Saturday, September 17, 2011
Transcendence and Sound Manipulation (Why I Love Drew Holcomb and the Neighbors)
Ok. It's about to get real. My apologies to MercyMe and TobyMac
So, Christian Music* sucks. That's a common statement that I've heard a hundred times over. But, let me here expound on it. Here's why Christian Music sucks: there is no need for it. I've stated this before, but the whole model for the Christian music and the idea behind it; to create a Christian-specific genre of music and culture that Christians can identify with and spend money on, is unnecessary. The industry largely exists to mirror "non-Christian" music, and to help come alongside an alternate Christian culture/reality that serves to effectively perpetuate this "Christian bubble" that is supposed to keep us away from the dangers of independent thought and creative lifestyles. Many churches support this sub-culture, and there is a ready and willing industry that is anxious to capitalize on a ripe market of scared and wealthy white kids that are fighting to find something to identify with, or as an escape from the guilt and judgement that they don't know how to reconcile.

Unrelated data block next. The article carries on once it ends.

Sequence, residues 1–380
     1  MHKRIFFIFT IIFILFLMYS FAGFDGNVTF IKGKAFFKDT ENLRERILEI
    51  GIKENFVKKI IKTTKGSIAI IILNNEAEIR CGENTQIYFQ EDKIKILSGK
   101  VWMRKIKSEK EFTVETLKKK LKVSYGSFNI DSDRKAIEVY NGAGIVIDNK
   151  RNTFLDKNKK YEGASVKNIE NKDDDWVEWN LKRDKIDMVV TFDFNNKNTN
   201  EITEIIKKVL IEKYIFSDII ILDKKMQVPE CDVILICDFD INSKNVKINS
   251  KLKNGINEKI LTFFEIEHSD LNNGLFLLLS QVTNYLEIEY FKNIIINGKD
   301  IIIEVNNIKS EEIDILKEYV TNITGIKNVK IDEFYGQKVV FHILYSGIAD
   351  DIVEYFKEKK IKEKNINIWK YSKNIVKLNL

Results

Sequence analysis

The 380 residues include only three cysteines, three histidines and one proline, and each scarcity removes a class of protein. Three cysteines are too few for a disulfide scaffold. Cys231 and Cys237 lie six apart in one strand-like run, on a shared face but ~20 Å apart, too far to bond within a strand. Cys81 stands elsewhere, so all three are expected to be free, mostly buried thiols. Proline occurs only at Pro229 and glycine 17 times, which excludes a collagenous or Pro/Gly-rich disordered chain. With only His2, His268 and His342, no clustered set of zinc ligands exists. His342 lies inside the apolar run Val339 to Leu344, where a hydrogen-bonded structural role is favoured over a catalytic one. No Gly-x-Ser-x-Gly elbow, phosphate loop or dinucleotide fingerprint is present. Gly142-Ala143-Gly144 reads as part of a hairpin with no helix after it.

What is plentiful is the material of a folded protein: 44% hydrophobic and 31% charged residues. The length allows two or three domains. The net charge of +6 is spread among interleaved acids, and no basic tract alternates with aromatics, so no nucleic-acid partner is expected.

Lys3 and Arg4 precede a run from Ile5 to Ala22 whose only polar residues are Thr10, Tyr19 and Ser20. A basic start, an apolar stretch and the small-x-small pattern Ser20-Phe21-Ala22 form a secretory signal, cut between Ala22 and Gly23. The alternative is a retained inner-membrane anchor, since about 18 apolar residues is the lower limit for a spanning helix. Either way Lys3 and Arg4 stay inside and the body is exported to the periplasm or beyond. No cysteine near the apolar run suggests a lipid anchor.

And, I get it. It's capitalism. There is a market to capitalize on, so there will always be someone trying to take advantage. And,
the "real" world is scary as hell sometimes. So, of course Christians would welcome a break from the death and sin that the world exists in, in the form of this alternate Christian culture. That's far easier and safer than stepping into the world.
But, here's the problem, as briefly as I am able (click here for a more detailed explanation); 1. we cut off our witness when we build walls around ourselves. 2. the "art" that is created within this Christian culture is largely less creative and beautiful than what the "non-Christian" world creates. The problem there is that we worship a God that is the God of creativity. What does it communicate to an unbelieving world if what His followers creates kind of sucks? The intent is understandable, but the actualization is pretty damaging. Christian culture is a shitty alternative to "non-Christian" culture. Everybody loses.